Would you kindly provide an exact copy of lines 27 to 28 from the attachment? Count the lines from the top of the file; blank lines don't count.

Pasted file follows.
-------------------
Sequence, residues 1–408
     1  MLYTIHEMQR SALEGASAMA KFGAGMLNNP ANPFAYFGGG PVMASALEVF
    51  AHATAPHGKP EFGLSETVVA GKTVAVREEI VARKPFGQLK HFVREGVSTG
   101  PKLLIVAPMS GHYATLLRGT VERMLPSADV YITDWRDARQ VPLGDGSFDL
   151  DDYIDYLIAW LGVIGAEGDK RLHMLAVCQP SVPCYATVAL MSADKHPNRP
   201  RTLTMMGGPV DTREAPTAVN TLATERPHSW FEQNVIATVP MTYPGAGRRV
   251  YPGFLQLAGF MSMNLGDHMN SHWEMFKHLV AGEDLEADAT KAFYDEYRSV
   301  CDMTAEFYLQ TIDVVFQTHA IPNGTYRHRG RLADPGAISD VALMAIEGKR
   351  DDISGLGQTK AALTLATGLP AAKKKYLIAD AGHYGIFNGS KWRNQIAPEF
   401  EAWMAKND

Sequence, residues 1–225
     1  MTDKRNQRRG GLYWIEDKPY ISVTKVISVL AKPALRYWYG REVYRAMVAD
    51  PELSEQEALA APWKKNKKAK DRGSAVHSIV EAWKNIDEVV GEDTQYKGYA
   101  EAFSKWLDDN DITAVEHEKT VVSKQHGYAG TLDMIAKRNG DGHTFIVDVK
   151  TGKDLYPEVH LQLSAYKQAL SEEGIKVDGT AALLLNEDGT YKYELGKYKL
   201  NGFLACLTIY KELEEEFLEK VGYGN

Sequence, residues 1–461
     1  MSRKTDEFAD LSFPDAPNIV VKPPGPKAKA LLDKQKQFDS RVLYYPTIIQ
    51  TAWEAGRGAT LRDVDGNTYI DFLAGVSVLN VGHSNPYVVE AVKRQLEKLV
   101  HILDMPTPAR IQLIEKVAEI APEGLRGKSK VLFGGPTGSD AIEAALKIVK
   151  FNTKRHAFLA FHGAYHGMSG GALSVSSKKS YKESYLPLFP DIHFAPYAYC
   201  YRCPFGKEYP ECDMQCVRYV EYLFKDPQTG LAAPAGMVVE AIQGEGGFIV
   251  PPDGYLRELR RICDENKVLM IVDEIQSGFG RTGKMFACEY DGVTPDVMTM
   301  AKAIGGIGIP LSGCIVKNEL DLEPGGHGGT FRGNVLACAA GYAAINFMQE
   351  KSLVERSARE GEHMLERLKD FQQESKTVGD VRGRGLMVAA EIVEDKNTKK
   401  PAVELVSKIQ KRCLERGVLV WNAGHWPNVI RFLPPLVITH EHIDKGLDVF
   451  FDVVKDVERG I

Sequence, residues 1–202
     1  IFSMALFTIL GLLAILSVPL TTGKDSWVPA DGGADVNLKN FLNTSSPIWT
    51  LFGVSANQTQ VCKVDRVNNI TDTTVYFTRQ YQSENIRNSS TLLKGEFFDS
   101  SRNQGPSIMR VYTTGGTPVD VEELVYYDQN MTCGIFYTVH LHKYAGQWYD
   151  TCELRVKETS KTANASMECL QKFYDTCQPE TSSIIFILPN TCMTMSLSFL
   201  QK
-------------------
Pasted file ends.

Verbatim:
   451  FDVVKDVERG I

Sequence, residues 1–202